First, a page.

You can benefit from wellness loyalty programmes if you understand how they work.

This article was first published in the first-quarter 2013 edition of Personal Finance magazine.

“I’ve just joined Discovery, and I want to know if it’s worthwhile joining Vitality,” asks Bongi, on an online forum, about the wellness and loyalty programme offered to members of Discovery Health Medical Scheme and Discovery Life policyholders.

Bongi’s question is one that many medical scheme members and users of financial products may be asking as scheme administrators and other financial services companies develop programmes aimed at incentivising you to lead a healthy lifestyle and use the financial products in their stable.

Some 1.3 million beneficiaries of medical schemes administered by Discovery Health have decided that loyalty does pay, making Vitality the biggest loyalty and wellness programme in South Africa.

Vitality also provides individual and corporate wellness initiatives in the United Kingdom, the United States and China. The programme’s global membership exceeds three million.

Meanwhile, about 110 000 members of schemes administered by Momentum Health have opted to join its loyalty programme, Multiply.

Other popular wellness loyalty programmes are Own Your Life (offered by Liberty), Reality (Sanlam) and Zurreal 4Life (Resolution).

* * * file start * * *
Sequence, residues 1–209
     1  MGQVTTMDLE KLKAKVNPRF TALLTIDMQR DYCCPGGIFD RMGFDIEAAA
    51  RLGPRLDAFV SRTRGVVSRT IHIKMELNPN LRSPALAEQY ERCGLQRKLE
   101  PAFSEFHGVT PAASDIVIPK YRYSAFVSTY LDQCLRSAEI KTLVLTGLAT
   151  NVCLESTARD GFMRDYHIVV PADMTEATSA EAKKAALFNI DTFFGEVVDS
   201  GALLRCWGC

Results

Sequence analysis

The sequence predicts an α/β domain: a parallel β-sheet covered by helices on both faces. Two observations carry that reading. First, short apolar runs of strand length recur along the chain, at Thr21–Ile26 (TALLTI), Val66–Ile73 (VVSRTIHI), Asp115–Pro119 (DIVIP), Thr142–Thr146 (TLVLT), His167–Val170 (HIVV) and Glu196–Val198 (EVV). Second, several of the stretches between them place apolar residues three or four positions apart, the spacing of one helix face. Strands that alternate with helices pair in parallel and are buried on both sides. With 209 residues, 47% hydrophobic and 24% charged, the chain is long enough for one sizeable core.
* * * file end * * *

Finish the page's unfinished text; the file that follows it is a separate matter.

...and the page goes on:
This article looks at the two biggest programmes in South Africa, Vitality and Multiply, as examples of how such wellness-cum-loyalty programmes work and how you should weigh up the costs versus the benefits of joining.

What this article does not address – and it should be your starting point – is how to determine whether or not the relevant medical scheme or life assurance policy is suitable for you.

A properly qualified financial adviser should be able to help you to ascertain whether the core pro-duct is a good one, before you look at the add-on benefits. Whether membership comes with free movie tickets should be the last question you ask. Free movies won’t help you when your medical scheme’s cover for cancer is inadequate by many thousands of rands, or you find out that your dread disease policy doesn’t cover your illness.

In response to her question to the online forum, Bongi was told: “Why don’t you just go through their website and see if your lifestyle suits what Vitality provides? The free lifetime gym membership is worth it if you are a gym freak.”